But asked about the other party and whether drinking and dancing had taken place, she said No 10 had "nothing further to add".

Lib Dem leader Sir Ed Davey, repeated his call for the prime minister to resign over the growing list of parties, tweeting: "The Queen sitting alone, mourning the loss of her husband, was the defining image of lockdown.

"Not because she is the Queen, but because she was just another person, mourning alone like too many others. Whilst she mourned, No 10 partied."

Further calls to quit

Boris Johnson has faced particular criticism after it emerged he had attended a party in Downing Street on 20 May 2020 during the first lockdown.

The prime minister apologised on Wednesday in the House of Commons, saying he had joined staff for 25 minutes to thank them for their hard work. But he said he had "believed implicitly that this was a work event".

On Thursday, backbencher Andrew Bridgen became the fifth Conservative MP to publicly say they had submitted a letter of no confidence in Mr Johnson, saying the stream of revelations about parties was "preventing the government from functioning as normal and that's an untenable position".

A minimum of 54 Conservative MPs must send letters to the 1922 committee of backbench MPs in order to trigger a leadership challenge.

The PM is also facing pressure from grassroots Conservatives, with the Tory association in Sutton Coldfield voting unanimously on Thursday to urge him to resign.

Timeline: The alleged government gatherings

The government is facing mounting pressure over several events that are alleged to have been held during lockdowns. Here is what we know about them and the restrictions in place at the time:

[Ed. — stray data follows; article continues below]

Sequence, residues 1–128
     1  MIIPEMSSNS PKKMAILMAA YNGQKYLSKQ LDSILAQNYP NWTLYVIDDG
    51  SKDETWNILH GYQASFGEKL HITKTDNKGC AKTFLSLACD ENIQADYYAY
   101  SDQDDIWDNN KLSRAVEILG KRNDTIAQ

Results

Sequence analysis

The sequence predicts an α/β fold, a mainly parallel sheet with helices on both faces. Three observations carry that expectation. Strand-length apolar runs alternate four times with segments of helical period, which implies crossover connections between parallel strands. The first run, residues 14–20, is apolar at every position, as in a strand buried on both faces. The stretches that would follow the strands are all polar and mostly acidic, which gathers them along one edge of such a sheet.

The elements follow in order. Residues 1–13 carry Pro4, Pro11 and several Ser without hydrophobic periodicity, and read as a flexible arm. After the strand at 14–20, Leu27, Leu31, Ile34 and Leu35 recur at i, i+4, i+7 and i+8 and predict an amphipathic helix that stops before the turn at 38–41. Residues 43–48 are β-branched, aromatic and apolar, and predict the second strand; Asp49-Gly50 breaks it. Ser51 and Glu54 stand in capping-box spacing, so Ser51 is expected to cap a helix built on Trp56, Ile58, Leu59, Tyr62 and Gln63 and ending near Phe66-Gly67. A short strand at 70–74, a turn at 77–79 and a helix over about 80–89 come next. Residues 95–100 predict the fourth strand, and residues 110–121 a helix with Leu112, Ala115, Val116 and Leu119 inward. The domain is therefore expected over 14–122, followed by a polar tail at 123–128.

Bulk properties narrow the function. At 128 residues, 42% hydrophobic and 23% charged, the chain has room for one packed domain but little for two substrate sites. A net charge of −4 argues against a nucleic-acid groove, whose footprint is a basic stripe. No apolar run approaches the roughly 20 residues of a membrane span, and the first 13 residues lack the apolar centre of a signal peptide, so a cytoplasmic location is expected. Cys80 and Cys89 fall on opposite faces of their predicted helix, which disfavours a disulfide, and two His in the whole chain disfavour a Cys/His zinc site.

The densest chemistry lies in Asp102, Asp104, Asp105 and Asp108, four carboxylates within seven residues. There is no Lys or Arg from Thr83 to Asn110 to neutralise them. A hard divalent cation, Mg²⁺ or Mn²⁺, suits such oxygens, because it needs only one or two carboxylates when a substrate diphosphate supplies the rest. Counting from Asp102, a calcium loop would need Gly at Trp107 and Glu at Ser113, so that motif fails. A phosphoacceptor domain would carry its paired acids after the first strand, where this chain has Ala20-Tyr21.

Boris Johnson announced a plan to take the “first careful steps" out of the lockdown that began in March 2020. But he said people should continue to "obey the rules on social distancing and to enforce those rules we will increase the fines for the small minority who break them”.

Legal restrictions at the time said you could not leave your house without a reasonable excuse and government guidance was that you could meet one person outside of your household in an outdoor setting while exercising.

A photo from May 2020 showed the prime minister and his staff with bottles of wine and a cheeseboard in the Downing Street garden. When asked about it, Boris Johnson said, “those people were at work talking about work”.

About 100 people were invited by email to “socially distanced drinks in the No 10 garden” on behalf of the prime minister’s principal private secretary, Martin Reynolds.

Witnesses told the BBC the PM and his wife were among about 30 people who attended.

Boris Johnson has confirmed he attended the event, saying he was there for 25 minutes and “believed implicitly that this was a work event”.

On Boris Johnson’s birthday, up to 30 people gathered in the Cabinet Room at No 10 to present the prime minister with a birthday cake and sing Happy Birthday, according to a report by ITV News.

No 10 said staff had “gathered briefly" to "wish the prime minister a happy birthday", adding that he had been there "for less than 10 minutes”.

Rules at the time banned most indoor gatherings involving more than two people.

Boris Johnson announced plans for a “significant return to normality" in England by Christmas "through targeted, local action” instead of national lockdowns.

But he added that the timetable relied on “every one of us staying alert and acting responsibly”.

With cases of coronavirus rising again, the prime minister told people in England that “we are once again asking you to stay at home” as a new national lockdown began.

He said people should only leave their homes “for work if you can’t work from home, for education, and for essential activities and emergencies”. Indoor gatherings with other households were banned, unless they were for work purposes.